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I have the following issue. We are currently working on a system for a shuttle service company. Now, part of the entities in the database for this system include numerous lookup tables (such as vehicle_type, employee_status, etc), as well as some other tables, such as vehicle and vehicle_service log.

Now the issue we as a team are having is that we cannot agree on what the logical relationship cardinalities between entities should be. The two main problem relationships include the tables defined as follows:

CREATE TABLE IF NOT EXISTS `user_type` (
  `type_id` tinyint(4) NOT NULL AUTO_INCREMENT,
  `description` varchar(200) NOT NULL,
  PRIMARY KEY (`type_id`)
) ENGINE=InnoDB  DEFAULT CHARSET=latin1 COMMENT='Store the user types - employee
 or consultant' AUTO_INCREMENT=1 ;

which is linked to

CREATE TABLE IF NOT EXISTS `user` (
  `user_id` int(11) NOT NULL AUTO_INCREMENT,
  `username` varchar(100) NOT NULL,
  `password` varchar(100) NOT NULL,
  `user_type` tinyint(4) NOT NULL,
  PRIMARY KEY (`user_id`),
  KEY `user_type` (`user_type`),
  KEY `username` (`username`),
  KEY `login` (`username`,`password`)
) ENGINE=InnoDB  DEFAULT CHARSET=latin1 COMMENT='Table used when logging in 
to check access level, type of user, etc. ' AUTO_INCREMENT=1 ;

The user table includes other irrelevant data. So the issue here is that I say (because MySQL Workbench reverse engineered it that way and it makes more sense) that the relationship should be 1-many, while another team member says that it should be 0-many (because some records may exist in the user_type table that aren't used in the user table)

The other table relationship we are having words about are defined as follows:

CREATE TABLE IF NOT EXISTS `vehicle` (
  `vehicle_id` int(11) NOT NULL AUTO_INCREMENT,
  `registration_number` varchar(10) NOT NULL,
  PRIMARY KEY (`vehicle_id`),
  UNIQUE KEY `registration_number` (`registration_number`),
) ENGINE=InnoDB  DEFAULT CHARSET=latin1 COMMENT='Actual vehicle information'
 AUTO_INCREMENT=1 ;

Again, with some other columns not relative to the question. This links with

CREATE TABLE IF NOT EXISTS `service_log` (
  `id` int(11) NOT NULL AUTO_INCREMENT,
  `vehicle_id` int(11) NOT NULL,
  `description` text NOT NULL,
  `date` date NOT NULL,
  `cost` double NOT NULL,
  PRIMARY KEY (`id`),
  KEY `vehicle_id` (`vehicle_id`)
) ENGINE=InnoDB DEFAULT CHARSET=latin1 COMMENT='Store records of all services 
to vehicles' AUTO_INCREMENT=1 ;

Should this be 1-many or 0-many because a vehicle may not yet go in for a service? According to me it should be 1-many, but I don't know if this works logically.

We are all very confused about this whole logical modelling thing, so any help would be much appreciated!

I figured it would be easier for me to create the DB first and then reverse engineer it to a physical model, but never though about logical.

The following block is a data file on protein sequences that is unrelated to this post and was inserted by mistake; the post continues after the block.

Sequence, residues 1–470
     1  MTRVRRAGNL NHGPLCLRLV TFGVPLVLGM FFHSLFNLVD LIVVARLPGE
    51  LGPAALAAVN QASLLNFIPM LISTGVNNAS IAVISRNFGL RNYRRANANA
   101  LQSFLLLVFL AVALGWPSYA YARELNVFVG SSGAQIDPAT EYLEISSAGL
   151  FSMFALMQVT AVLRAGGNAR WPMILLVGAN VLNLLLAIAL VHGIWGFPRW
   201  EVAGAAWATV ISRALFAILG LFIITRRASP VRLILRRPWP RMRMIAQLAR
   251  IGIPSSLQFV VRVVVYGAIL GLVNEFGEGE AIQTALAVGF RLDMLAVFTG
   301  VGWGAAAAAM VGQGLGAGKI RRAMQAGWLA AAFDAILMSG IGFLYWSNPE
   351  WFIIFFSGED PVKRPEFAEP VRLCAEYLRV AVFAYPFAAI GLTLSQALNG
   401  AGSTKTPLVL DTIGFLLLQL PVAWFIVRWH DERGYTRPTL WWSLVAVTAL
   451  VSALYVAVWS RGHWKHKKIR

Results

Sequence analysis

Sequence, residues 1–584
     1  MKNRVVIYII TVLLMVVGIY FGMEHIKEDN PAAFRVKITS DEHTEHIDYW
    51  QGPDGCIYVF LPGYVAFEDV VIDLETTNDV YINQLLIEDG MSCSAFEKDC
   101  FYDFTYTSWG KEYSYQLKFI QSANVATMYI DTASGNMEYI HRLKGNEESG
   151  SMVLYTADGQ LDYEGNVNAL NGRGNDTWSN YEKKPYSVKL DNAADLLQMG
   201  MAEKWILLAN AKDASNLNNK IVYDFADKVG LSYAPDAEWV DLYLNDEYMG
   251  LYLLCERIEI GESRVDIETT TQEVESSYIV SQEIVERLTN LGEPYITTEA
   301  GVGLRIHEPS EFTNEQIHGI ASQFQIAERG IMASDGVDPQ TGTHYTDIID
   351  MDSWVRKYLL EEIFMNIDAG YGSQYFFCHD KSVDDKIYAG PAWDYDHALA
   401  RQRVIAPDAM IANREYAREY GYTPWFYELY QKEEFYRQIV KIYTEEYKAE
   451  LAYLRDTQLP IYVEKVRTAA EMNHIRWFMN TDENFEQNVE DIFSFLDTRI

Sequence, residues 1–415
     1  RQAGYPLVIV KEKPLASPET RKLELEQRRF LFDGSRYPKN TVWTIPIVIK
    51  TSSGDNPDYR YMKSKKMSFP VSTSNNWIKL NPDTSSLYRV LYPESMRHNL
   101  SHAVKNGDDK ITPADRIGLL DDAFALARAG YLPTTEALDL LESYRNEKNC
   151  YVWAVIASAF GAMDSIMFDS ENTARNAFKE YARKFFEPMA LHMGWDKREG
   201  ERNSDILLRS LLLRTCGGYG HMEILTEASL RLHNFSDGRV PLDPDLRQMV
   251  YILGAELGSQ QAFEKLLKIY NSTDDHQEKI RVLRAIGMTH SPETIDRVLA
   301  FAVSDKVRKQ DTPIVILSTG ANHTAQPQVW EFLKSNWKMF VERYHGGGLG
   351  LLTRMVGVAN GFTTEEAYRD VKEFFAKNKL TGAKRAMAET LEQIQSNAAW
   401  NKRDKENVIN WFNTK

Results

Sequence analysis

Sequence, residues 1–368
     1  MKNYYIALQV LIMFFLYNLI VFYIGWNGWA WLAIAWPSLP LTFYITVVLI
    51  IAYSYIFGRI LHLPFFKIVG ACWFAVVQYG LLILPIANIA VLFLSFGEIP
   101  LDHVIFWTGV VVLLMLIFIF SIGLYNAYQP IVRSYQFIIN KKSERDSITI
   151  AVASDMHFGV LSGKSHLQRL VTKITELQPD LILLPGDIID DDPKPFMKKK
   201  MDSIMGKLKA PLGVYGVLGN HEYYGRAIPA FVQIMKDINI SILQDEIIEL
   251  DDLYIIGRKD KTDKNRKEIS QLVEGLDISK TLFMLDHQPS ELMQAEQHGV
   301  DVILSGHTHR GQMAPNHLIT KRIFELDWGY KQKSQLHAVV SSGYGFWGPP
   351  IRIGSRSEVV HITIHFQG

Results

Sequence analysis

share|improve this question
    
What is the reason you have a compound key (id, and vehicle_id) in service_log? Should it not just be id? –  Kevin Brydon Apr 25 '13 at 13:22
    
yeah actually it should. My bad, thanks for pointing that out. –  iLikeBreakfast Apr 25 '13 at 13:27

1 Answer 1

up vote 1 down vote accepted

Zero to many if it is optional. Say for example a Sales Rep would have a zero or many customer. Why is that? Because if there is a new sales rep then it would mean he/she has no customer to begin with unless of course he/she assume the accounts of a resigned Sales Rep.

On the other hand one or many is mandatory. For example a an Order which has order date and customer who ordered should have at least one record on Order Detail table. Let's say a customer ordered a tablet last 04/22/2013 then he/she would have:

 Order table
 ----------------------------------------
 Orderid.  OrderDate. Customermnum
 ----------------------------------------
  1.       04/22/2013 101

 Order detail table
 ----------------------------------------
 Orderid.  Productid.  Qty.   quotedprice
 ----------------------------------------
  1.       T101       1       500

So, in your case User to UserType is 1 to 0 or many beacause a user type may have not been used by any user yet.

Now, vehicle to service It is also 1 to 0 or many since a vehicle may not necessarily have a service done yet.

share|improve this answer
    
but this is for the logical design phase only? or else this would entail having NULL-able fields? –  iLikeBreakfast Apr 25 '13 at 13:45
    
This is more of logical design but this works both on logical design and physical design since logical design is database agnostic. Regarding NULLable field, are you referring to the related foreign key say user_type in user table? If so, it is not because the user type id is from user_type table anyway and not the other way around. –  Edper Apr 25 '13 at 13:54
    
OK cool thanks! Makes sense. –  iLikeBreakfast Apr 25 '13 at 14:11

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